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    Police forces ill prepared to deal with nudity, say Naturists

    In September 2013, the Crown Prosecution Service issued 'Nudity in Public - Guidance on Handing Cases of Naturism' to CPS prosecutors and all police services, which provides proportionate guidance to police officers who have to make initial decisions where public nudity is reported or witnessed. It indicated that Naturism in a public place should not be charged unless there is a clear breach of the law. Many Naturists have been charged and convicted under section 5 of the Public Order Act; a law intended to curb public disturbances, only for it to be overturned in a higher court.

    The Naturist Action Group (NAG) and British Naturism (BN) at first welcomed the move by the CPS and saw it as a positive step but little has been done to inform police officers that it even exists. During her speech to the Police Federation on 21st May 2014, the Home Secretary – The Rt. Hon Theresa May MP – stated three times that the College of Policing was introduced to drive up standards and to improve the professionalism of the police services throughout England and Wales, but BN and NAG are disheartened to learn that the CPS does not intend to take any action to persuade the police to give adequate training to their officers.

    The full guidance can be read at http://www.cps.gov.uk/legal/l_to_o/nudity_in_public.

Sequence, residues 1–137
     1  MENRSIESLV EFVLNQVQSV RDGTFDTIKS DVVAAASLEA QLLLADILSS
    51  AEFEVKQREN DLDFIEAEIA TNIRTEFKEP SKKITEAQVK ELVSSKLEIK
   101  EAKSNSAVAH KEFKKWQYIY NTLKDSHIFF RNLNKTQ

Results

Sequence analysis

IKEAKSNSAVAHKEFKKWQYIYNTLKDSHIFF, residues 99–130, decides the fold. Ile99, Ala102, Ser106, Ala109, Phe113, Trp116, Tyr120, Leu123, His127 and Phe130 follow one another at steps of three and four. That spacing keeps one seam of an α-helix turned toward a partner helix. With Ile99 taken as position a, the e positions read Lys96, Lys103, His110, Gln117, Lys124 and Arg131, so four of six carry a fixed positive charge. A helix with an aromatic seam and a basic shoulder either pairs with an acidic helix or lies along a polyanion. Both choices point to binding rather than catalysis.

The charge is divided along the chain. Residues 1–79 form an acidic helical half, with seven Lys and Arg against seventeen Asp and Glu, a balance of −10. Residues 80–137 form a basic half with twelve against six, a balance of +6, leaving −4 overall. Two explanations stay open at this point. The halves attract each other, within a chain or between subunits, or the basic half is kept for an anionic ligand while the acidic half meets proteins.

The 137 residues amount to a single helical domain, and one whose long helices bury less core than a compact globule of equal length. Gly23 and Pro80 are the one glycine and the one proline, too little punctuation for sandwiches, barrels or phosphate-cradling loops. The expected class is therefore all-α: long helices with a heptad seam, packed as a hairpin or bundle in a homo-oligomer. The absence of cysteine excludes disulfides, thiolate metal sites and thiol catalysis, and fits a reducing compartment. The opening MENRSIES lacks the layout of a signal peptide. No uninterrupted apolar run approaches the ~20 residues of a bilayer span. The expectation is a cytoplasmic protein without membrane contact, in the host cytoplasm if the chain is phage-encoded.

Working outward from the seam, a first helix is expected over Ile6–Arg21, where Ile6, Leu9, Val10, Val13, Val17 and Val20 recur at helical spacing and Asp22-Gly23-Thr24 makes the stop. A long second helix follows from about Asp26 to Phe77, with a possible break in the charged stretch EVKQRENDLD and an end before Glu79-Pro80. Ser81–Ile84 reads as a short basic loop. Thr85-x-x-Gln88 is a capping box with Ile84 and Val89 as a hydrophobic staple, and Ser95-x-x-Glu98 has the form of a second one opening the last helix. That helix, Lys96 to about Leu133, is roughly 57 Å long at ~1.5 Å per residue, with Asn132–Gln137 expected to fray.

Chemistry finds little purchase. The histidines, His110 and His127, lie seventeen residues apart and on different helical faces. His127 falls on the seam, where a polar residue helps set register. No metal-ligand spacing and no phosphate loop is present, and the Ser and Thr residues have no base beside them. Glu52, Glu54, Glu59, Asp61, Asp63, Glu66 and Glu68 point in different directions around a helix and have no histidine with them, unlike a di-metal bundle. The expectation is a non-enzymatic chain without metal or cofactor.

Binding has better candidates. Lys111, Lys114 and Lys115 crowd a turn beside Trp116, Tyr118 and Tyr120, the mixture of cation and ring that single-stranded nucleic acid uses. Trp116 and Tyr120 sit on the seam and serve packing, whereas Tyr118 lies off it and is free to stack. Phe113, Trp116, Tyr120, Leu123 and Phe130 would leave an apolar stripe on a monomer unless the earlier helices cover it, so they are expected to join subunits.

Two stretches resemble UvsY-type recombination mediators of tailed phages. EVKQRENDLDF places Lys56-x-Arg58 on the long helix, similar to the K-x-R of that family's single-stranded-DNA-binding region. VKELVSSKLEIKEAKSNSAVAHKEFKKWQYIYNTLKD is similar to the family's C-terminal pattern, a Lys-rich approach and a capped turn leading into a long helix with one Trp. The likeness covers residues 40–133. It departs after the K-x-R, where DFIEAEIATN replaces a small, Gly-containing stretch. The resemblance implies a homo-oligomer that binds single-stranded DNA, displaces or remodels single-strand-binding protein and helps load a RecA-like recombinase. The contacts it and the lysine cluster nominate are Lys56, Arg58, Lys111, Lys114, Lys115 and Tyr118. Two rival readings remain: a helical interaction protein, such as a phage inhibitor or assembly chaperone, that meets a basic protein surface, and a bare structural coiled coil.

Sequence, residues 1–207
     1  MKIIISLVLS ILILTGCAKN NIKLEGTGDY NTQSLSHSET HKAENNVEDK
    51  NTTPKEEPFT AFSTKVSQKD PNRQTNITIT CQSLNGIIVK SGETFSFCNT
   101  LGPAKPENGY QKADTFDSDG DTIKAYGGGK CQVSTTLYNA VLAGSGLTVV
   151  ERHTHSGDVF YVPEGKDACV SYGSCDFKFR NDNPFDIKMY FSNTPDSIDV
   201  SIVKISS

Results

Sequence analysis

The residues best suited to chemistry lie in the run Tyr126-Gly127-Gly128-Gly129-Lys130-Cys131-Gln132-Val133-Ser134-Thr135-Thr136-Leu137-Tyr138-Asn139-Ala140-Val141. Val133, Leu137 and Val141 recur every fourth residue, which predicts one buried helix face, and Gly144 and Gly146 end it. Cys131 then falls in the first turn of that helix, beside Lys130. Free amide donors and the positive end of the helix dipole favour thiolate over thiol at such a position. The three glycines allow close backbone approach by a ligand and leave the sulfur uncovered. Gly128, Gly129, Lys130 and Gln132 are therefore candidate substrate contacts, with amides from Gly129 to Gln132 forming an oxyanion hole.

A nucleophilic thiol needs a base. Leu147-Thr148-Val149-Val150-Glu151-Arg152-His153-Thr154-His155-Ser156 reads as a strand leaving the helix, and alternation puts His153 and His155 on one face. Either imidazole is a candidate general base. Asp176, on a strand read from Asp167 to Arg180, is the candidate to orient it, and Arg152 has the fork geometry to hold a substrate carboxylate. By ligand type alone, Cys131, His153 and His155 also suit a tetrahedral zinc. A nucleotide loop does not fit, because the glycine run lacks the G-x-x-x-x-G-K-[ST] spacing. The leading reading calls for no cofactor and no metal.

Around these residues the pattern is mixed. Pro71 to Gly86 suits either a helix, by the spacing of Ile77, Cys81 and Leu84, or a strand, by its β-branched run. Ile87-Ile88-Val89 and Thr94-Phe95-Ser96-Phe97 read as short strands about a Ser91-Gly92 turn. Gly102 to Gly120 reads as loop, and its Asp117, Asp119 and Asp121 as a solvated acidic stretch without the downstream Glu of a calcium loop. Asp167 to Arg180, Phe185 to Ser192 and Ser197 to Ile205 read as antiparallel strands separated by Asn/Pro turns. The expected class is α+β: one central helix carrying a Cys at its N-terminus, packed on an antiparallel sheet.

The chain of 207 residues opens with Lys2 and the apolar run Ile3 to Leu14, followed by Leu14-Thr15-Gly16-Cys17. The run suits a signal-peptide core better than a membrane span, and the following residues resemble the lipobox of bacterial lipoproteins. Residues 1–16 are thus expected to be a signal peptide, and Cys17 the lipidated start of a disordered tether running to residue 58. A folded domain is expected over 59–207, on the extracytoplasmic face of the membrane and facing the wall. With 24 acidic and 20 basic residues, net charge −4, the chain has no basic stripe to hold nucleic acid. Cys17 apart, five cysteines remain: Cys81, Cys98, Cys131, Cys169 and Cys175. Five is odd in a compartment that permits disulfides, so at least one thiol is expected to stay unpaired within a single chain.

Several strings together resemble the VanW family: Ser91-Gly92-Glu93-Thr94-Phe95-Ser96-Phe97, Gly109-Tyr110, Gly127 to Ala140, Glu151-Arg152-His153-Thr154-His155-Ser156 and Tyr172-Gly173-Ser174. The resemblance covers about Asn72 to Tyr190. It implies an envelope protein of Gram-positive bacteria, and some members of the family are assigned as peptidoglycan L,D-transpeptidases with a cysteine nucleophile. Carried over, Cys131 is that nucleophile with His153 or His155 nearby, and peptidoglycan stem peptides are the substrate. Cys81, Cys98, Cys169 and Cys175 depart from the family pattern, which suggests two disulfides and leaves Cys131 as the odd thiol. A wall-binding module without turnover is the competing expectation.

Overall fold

Incidents of public nudity have frequently been subject to disproportionate and heavy handed action, based on prejudice, prudery and an inadequate understanding of the law (nudity is legal in a much wider range of circumstances than some people assume). Such actions have caused immense distress to those involved, and represent a poor use of taxpayers' money. Whilst the CPS Guidance addressed most of the Naturists’ concerns, it contained no mechanism to ensure that it cascaded down to the frontline officers who are expected to make initial assessments in cases of public nudity. BN and NAG therefore undertook research to establish how UK police forces were implementing the guidance in practice to ensure proportionate and cost effective decisions. The results can be found below. The full report can be viewed at http://naturistactiongroup.org/2014/04/report-on-the-acpo-project-uptake-of-the-cps-guidelines/

    Reg Barlow, Chairman of the Naturist Action Group, said:

    “I find it ironic, when the coalition Government is still talking about needing to make savings in public expenditure while driving up standards, the police services, the College of Policing and the CPS all seem to be ignoring something that could save them significant amounts of public money and many hours of police officers’ time, just by giving officers training on how to handle public nudity properly."

    Malcolm Boura, Campaigns Director for British Naturism, said:

    "Those practising innocent public nudity even in the privacy of their own garden, have often been subject to a heavy handed police action, causing great distress. The CPS Guidelines, whilst not perfect, are an attempt to bring consistency and sensible application of the law to bear on this issue. Worryingly there seems to be little appetite to embed the guidelines in police forces, or to train officers to act in a sensible and proportionate way. The end result is that Naturists will continue to be subject to abuses of the law, and taxpayers' money will continue to be wasted in pursuing these actions. Police Officers cannot be expected to do their job properly if nobody has told them what the law actually is and how best to respond to cases of gymnophobia.”

    “Naturists have been caused alarm and distress by being dragged through the legal process and it is completely unacceptable that it can cost thousands of pounds to defend oneself against a charge that is not even a crime. If the Home Secretary, the CPS and the College of Policing were serious about improving standards then this training would be mandatory for all front line officers."